What is Laparoscopy (Key Hole Surgery)?
Laparoscopy is usually done under general anesthesia although it could be done using local anesthesia.
The laparoscopy is a procedure done for diagnostic or operative purposes, and in many cases is done as a combined diagnostic and operative procedure where the cause is found and dealt with at the same time .
It is done by inserting a small telescope which has a light source and is attached to a camera, and a monitor used to visualize the internal organs.
The laparoscopy ( key hole surgery ) has an advantage over conventional operations in that the operation is less painful and with a shorter hospital stay for the patient in addition to better cosmetic results and ability to resume normal activities in a shorter time after the operation.
A small cut is made under or through the navel where a thin needle is inserted into the abdominal cavity and is used to insert gas (CO2). The abdomen is insufflated to a certain degree of pressure, and then a trocar is introduced through the small cut, and the telescope inserted through it. The camera is then attached to the telescope to enable the internal organs to be viewed on a monitor. Smaller-sized trocars are then inserted into the lower part of the abdomen & on either side (could be three in total). Instruments could then be introduced into the abdomen through the trocars, enabling the operator to perform his procedure.
Recovery after Laparoscopy
In the recovery room, the attending nurse will observe the patient until she is conscious, and then the patient will be returned to her room, if she is discharged on the same day, she is not allowed to drive.
As a result of the anesthetic the patient might feel tired and dizzy, which is normal. Some feel shoulder pain for the first 24 hours after the operation.
Minor complications could result from the operation manifesting as redness at the incisions sites or leakage of fluid from the cut sites or a small degree of fever. All of these complications are rare and easily controlled by the attending doctor.
Gynecologists use laparoscopy to treat a variety of female health problems. General surgeons also now use laparoscopy to perform surgeries such as appendectomies and removal of the gall bladder (cholecystectomy). Indications for gynecological laparoscopy include the following:
Ovarian cysts and tumours.
An enlarged ovary could be due to the cystic area within the ovary or due to solid mass.
The surgeon could differentiate between them and remove any cyst or tumour through the laparoscope or take a biopsy if cancer is suspected, or remove the whole ovary if needed.
Removal of fibroids (Myomectomy).or destroying them (Myolysis )
Fibroids are benign tumours (growth) which arise from the wall of the uterus. Around 20% or more of women over 35 years old have fibroids. Women might suffer from painful periods or heavier periods. In pregnancy, it could lead to complications e.g. premature labour.
Infertility, Lysis of adhesions.
Adhesions are a major cause of infertility. This usually happens as a result of previous surgery or pelvic infection. By operative laparoscopy, the adhesions are cut and there is a fewer chance of them recurring than if the same operation is done by opening the abdomen in the conventional technique.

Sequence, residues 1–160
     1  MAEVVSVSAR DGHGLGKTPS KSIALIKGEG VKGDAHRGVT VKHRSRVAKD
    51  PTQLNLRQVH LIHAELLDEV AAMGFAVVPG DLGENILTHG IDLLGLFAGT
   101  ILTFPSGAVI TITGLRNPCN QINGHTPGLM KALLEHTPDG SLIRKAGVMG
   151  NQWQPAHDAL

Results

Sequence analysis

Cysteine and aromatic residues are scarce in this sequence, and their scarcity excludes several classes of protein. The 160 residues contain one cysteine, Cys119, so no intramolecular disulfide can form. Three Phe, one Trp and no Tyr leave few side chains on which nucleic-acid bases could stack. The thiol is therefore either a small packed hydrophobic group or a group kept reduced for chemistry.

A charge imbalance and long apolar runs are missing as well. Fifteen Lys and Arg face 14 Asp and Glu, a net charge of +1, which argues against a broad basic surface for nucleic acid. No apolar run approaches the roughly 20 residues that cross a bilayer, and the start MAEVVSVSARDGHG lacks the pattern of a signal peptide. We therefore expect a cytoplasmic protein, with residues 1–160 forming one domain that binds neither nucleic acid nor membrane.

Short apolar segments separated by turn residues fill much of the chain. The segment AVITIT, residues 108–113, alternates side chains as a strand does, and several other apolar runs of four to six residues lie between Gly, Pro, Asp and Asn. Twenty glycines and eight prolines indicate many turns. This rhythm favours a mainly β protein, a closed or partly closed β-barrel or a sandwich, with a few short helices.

Infertility, checking the condition and patency of the Fallopian tubes
The Fallopian tubes are checked at the time of laparoscopy, their condition and patency are noted, die is injected through the neck of the uterus, and if the tubes are patent, free spill is noted.
Reproductive or tubal surgery
Repairing damaged Fallopian tubes.
In this condition part of the lining of the uterus (endometrium) implants outside of the uterus in the pelvis and abdomen, e.g. on the ovary, and the intestine. On the ovary it could form a collection of blood in a cystic cavity where it is called a chocolate cyst.
This condition leads to adhesions, cause pain during and before periods, painful intercourse (dyspareunia), painful defecation, or painful urination.
This condition could lead to infertility, and diagnosis is usually by laparoscopy and if adhesions are found they are dealt with promptly.
In cases of intraperitoneal hemorrhage where the cause is unknown, laparoscopy is used to find the source. Once found it can be dealt with. In some cases this could be the result of pregnancy in the Fallopian tube [ectopic pregnancy], and it is dealt with using the laparoscopy equipment.
This condition affects one in five women as a result of disorder in the function of the ovary where many follicles are formed (much more than normal), but they stay small and don’t mature.
It is usually diagnosed by ultrasound and treated by medicines. Surgery is only resorted to in resistant cases where multiple ovarian drilling is done using the laparoscope.
Pelvic infection (Pelvic Inflammatory disease ):
This is diagnosed using the laparoscopy, especially in chronic cases where the cause of pelvic pain is unknown, A sample is taken and sent for bacteriological culture, and the appropriate antibiotics are given.
Egg collection for assisted reproduction:
This is done in some case, e.g gamete intrafallopian transfer, or in some cases of in vitro fertilization where the ovaries are high up in the abdomen, and the eggs could not be collected using the vaginal ultrasound.
Sterilization ( laparoscopic sterilization)
Couples who don’t want to have any more children could have this procedure done where the women undergo laparoscopic sterilization (the tubes are closed using clips or rings or cauterized).
Severe period pain
Diagnosis and treatment of some uterine anomalies.
Pelvic floor and vaginal prolapse
Some reproductive cancer
Evaluation and removal of pelvic lymph nodes.
Where it is indicated to remove the uterus, this procedure is done either completely using the laparoscopy or through the vagina (Laparoscopic assisted vaginal hysterectomy).